Shopping is at the very heart of the Elephant and Castle. The famous pink shopping centre adjacent to the main roundabout was the first shopping centre to be commissioned in the UK (though not the first to open) Once celebrated as a beacon of modern retailing, the centre now has a downbeat quality that distinguishes it from the identikit malls that have sprouted in every town centre in the UK. Sure it has some chains: a Tesco, Lloyds TSB, Greggs, WH Smiths, Boots and Iceland but there is also a bookstall with no English titles, where you can buy the Harry Potter books but only in Spanish. There’s a bingo hall and a bowling alley on the top floor, hairdressers catering for the Afro-Caribbean community, a Polish café and deli, a Columbian restaurant, two pawnbrokers and four money transfer centres that facilitate sending earnings abroad.
Walking through the Elephant I discovered a myriad of retail outlets, eateries and stalls. Dragon Castle, my favourite Chinese restaurant in London sits on the ground floor of a student accommodation complex. The graffiti covered bicycle shop called Recycling lies under the railway arches. Angelus Temple, the Foursquare Gospel Church, is located in a shop on the Heygate Estate. These photographs of the façades of shops in the Elephant epitomise this local, particular and richly multicultural economy. As this area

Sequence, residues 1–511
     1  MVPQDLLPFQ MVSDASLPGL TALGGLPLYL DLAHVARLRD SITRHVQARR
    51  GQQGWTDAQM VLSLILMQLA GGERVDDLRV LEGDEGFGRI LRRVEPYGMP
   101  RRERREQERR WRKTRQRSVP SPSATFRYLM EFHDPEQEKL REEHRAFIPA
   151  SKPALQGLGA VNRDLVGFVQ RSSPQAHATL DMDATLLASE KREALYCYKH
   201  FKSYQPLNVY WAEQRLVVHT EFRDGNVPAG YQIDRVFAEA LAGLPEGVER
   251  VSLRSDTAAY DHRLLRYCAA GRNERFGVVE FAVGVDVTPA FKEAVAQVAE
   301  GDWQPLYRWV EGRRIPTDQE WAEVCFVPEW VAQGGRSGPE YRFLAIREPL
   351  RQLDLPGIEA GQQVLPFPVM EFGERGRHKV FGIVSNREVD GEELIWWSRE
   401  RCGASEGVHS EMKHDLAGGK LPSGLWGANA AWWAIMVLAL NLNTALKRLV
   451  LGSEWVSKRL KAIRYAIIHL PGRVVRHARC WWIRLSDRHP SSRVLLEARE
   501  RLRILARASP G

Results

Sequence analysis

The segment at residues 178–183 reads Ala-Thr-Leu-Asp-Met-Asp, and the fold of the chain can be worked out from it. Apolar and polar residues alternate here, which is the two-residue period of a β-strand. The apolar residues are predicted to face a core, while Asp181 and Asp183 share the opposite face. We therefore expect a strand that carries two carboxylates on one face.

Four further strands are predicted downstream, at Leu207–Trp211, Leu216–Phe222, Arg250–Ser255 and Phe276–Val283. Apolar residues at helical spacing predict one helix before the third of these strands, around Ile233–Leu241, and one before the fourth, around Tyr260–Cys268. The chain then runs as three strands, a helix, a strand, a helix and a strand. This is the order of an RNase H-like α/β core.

experiences the inevitable transformation of regeneration, this typology of shops will undoubtedly shift.
At St Georges Circus, a series of fake façades of shop windows has been pasted over the row of boarded up shops adjoining the old Duke of Clarence pub. These detailed photographic images show expensive designer boutiques and upmarket grocers selling organic foods. They look like an old-fashioned unspoiled high street in a prosperous town, not what we think of the Elephant. There is no sign of Payless in this developer’s vision of the future.
This record of shop fronts offers a miniature time capsule, a record of a locality, its high streets and retails outlets at a particular point in time (May 2009). The pattern of the local economy in the Elephant is bound to change. What will the regeneration do to these outlets? How many of these small local businesses will survive or even flourish? But the shopping centre is no longer scheduled with demolition. The latest plans are for a major refurbishment. Perhaps the new centre will still have space for the small market traders who cluster below the roundabout.